Suture Materials

Most sutures with the suture material swaged onto the base of the needle

Shapes vary from a quarter circle to five-eighths of a circle, depending on how confined the operating field is

Choice of the needle should ‘alter the tissue to be sutured as little as possible’ and is dependent on:

  • The tissue being sutured (when in doubt about the selection of a tapered point or cutting needle, choose the taper for everything except skin sutures)
  • Ease of access to the Individual tissue preference.
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Properties of suture material

  • Handling of a suture
    • Memory
      • The tendency to stay in one position
      • Leads to difficulty in tying sutures and knot unravelling
    • Elasticity
    • Knot strength
      • The force required for a knot to slip
      • Important to consider when ligating arteries
  • Tensile strength
    • The force necessary to break a suture
    • Important to consider in areas of tension (linea alba)
  • Tissue reaction
    • Undesirable since inflammation worsens the scar
    • Maximal between Day 3&7

Types of sutures

  • Monofilament (Ethilon or Prolene)
    • Consists of a single smooth strand
    • Less traumatic since they glide through tissues with less friction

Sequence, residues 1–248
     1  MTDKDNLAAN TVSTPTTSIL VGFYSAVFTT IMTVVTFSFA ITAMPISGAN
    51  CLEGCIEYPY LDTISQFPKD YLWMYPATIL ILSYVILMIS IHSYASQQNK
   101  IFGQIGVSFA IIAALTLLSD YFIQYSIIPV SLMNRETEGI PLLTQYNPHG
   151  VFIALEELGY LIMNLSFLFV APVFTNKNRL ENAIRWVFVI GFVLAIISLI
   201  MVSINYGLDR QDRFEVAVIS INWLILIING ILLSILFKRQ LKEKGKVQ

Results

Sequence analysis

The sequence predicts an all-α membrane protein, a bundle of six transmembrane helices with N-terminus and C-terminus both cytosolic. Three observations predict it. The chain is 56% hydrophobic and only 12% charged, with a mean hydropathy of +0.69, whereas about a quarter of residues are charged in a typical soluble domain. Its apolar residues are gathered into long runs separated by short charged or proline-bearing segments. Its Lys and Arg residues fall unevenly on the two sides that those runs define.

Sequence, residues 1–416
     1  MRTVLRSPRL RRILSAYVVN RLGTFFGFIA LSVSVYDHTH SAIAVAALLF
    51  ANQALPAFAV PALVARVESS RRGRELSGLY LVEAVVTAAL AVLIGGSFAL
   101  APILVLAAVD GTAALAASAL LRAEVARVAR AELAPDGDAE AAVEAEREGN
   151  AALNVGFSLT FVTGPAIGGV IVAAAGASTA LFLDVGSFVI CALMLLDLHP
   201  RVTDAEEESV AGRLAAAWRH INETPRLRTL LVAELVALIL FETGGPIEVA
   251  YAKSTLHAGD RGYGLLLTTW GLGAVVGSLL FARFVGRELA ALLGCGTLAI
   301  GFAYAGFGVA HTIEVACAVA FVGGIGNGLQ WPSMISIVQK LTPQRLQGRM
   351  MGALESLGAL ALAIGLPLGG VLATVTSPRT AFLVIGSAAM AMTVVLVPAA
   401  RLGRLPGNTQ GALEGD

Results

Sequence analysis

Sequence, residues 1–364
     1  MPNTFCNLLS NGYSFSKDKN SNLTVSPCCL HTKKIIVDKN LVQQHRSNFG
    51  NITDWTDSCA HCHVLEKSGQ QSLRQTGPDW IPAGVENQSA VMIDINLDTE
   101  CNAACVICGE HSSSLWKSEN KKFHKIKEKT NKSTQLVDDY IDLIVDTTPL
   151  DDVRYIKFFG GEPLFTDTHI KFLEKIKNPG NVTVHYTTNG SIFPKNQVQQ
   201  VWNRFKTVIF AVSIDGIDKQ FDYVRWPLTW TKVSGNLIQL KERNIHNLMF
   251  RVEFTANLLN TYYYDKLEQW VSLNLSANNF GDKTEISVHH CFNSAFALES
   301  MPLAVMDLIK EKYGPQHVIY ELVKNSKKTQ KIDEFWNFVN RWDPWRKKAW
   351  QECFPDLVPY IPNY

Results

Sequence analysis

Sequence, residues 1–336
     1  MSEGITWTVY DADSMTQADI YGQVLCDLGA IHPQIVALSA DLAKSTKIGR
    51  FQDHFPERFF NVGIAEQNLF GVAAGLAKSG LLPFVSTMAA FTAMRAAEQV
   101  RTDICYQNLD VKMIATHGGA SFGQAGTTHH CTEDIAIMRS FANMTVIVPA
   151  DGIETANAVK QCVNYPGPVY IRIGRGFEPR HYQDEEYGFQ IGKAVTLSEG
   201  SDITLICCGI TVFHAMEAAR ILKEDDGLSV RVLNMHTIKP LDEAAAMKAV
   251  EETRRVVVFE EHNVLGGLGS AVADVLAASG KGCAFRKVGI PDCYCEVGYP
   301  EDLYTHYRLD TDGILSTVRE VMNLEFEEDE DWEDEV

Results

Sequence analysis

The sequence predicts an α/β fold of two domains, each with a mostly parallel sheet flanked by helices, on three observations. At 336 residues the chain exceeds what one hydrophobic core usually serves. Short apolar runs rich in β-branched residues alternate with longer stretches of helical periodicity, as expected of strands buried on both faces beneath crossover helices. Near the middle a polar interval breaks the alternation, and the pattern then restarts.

• May be associated with lower rates of infection.
    • More likely to slip and should be secured with 5 or 6 ‘throws’ (in contrast to 3 throws with multifilament)
    • Preferred for skin closure because they provide a better cosmetic result
  • Multifilament (Mersilk or Mersilene)
    • Consists of multiple fibres woven together
    • Easier to handle and tie and knots are less likely to slip.

Classification of sutures

Non-absorbable suture material

Composed of materials which can be:

  • Naturally occurring (Mersilk, cotton and steel)
  • Synthetic (Prolene, Ethilon)

Absorbable suture material

Composed of biodegradable materials which can be?

  • Naturally occurring (degraded enzymatically)
  1. Catgut (no longer used in routine practice)
  • Consists of processed collagen from animal intestines
  • Broken down after seven days
  1. Chromic catgut
  • Consists of intestinal collagen treated with chromium
  • Loses tensile strength after 2-3 weeks and is broken down after three months
  • Synthetic
  1. Degraded non-enzymatically by hydrolysis when water penetrates the suture filaments and attacks the polymer chain
  2. Tend to evoke less tissue reaction than those occurring naturally.

What’s on the packaging:

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